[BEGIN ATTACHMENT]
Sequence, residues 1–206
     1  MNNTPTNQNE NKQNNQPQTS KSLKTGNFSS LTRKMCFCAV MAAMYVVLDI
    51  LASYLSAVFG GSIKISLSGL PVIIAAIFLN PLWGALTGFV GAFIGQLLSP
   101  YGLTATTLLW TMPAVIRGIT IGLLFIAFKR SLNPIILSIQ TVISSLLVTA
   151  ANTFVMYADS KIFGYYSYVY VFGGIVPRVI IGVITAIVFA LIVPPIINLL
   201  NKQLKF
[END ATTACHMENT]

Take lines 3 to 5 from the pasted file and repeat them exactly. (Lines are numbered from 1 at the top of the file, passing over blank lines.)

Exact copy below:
    51  LASYLSAVFG GSIKISLSGL PVIIAAIFLN PLWGALTGFV GAFIGQLLSP
   101  YGLTATTLLW TMPAVIRGIT IGLLFIAFKR SLNPIILSIQ TVISSLLVTA
   151  ANTFVMYADS KIFGYYSYVY VFGGIVPRVI IGVITAIVFA LIVPPIINLL